Via The Delco Times:
It made for colorful news this week — President Trump announcing a halt to the Obama administration’s massive “Clean Power Plan.” Pundits immediately leapt to criticize the president, saying that canceling the plan would mean more costs and more “pollution” for America’s consumers.
Such fear-mongering is simply incorrect, though, and demonstrates that critics fundamentally misunderstand the science and logistics involved. The “pollutant” being regulated under the plan is carbon dioxide (CO2), the inert gas that all humans and animals expel every day. And while the climate debate is still raging over CO2’s potential contribution to a warmer climate, it’s simply wrong to argue that it is pollution. Thankfully, however, canceling the plan will save money — billions and billions of dollars that would have been earmarked for a vast overhaul of the nation’s power sector.
The plan’s proposed switchover to an entirely new power grid would have cost $51 billion in annual GDP, according to the U.S. Chamber of Commerce, along with the loss of 224,000 jobs each year. Among other things, the plan would have prematurely forced 25 percent of America’s low-cost, reliable coal generation capacity off the electric grid, enough to power 24 million homes.
Under the plan, the wholesale price of electricity for a typical household in 2020 would have been more than a third higher than in 2012 (for an average annual increase of $680), with 45 states facing double-digit increases in the wholesale cost of their electricity. All in all, according to Energy Ventures Analysis, Americans would have faced $214 billion in higher energy costs by 2030. And they would have had to come up with $64 billion to construct the new power lines and power plants needed to produce all of this power.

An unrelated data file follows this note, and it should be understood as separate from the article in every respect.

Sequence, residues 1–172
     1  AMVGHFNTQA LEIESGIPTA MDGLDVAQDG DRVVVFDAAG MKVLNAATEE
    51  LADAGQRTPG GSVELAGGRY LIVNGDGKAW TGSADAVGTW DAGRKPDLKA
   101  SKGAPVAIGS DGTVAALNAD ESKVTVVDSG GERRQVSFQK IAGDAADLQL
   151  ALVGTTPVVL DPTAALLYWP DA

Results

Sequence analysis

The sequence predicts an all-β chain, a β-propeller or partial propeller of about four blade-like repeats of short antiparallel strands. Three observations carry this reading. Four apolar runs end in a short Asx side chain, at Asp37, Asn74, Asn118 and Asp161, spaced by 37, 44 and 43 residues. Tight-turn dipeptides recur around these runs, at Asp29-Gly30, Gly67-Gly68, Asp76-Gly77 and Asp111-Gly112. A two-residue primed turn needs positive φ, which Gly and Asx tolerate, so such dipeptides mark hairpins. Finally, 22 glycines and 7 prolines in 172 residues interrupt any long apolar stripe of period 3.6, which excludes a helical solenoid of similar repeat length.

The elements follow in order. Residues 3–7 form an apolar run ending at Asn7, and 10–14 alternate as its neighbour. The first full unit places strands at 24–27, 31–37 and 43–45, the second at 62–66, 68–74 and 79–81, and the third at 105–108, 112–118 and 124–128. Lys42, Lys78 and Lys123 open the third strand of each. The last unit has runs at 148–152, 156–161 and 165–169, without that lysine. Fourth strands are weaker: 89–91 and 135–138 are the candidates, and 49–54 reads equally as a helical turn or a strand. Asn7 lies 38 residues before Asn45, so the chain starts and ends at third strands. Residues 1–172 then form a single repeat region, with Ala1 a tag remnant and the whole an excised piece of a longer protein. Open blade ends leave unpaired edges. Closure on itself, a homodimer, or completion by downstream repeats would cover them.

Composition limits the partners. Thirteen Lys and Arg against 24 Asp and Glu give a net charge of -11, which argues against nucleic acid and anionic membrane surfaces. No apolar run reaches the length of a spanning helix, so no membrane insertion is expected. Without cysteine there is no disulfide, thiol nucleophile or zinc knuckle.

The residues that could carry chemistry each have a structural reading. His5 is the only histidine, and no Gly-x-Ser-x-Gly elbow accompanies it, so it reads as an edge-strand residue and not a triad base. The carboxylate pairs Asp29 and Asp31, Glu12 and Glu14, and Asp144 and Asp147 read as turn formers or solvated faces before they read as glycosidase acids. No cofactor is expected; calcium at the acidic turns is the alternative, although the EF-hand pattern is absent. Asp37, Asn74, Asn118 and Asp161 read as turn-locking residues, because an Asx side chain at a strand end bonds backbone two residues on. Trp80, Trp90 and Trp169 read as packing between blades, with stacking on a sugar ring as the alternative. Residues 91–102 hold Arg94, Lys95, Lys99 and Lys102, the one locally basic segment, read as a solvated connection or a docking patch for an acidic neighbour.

To President Obama, these costs were worthwhile, since they would have meant the rapid phase-out of coal — even though it currently generates 32 percent of the nation’s power supply. All in the quest to pursue higher-priced and less-reliable wind and solar power …
What would the public have gained for such huge sacrifices? A fully implemented plan would have yielded only a theoretical 0.018 degrees Celsius reduction in global temperatures by 2100. And it would have reduced industrial CO2 emissions by less than 1 percent. These are very insignificant achievements for such a staggering price tag. And so, when one considers the real-world costs, it becomes more and more apparent that President Trump just helped the nation to dodge a major bullet.
Unfortunately, misinformation plagues every aspect of this heated debate. Not only is carbon dioxide not a “pollutant,” but wind and solar power have yet to prove as reliable as coal in terms of scalability for electricity generation. That’s because wind and solar are intermittent — the sun doesn’t always shine, the wind doesn’t always blow — and they still require back-up generation from coal and gas plants.
All of this helps to explain why 27 states sued the U.S. Environmental Protection Agency to halt such a costly transformation of their energy grid. In fact, many of these states continue to depend on coal-fired power. It’s not just reliability and affordability at issue, however. America’s utility companies have spent many billions of dollars over the past decade to equip their power plants with advanced emissions-scrubbing technologies that make new coal plants 90 percent cleaner than ones they replaced 30 years ago — a worthwhile trade-off for the low-cost electricity they provide.
If America were luxuriating in budget surpluses and awash in high-wage jobs, there might be reasons to risk experimenting with our electricity grid. But in the current economic environment, it’s sensible for the president to maintain the energy diversity that coal provides by rejecting the Clean Power Plan as an expensive gamble — and one with little practical or environmental benefit.
Terry M. Jarrett is an energy attorney and consultant who has served on both the National Association of Regulatory Utility Commissioners and the Missouri Public Service Commission
See the article here.
- On April 14, 2017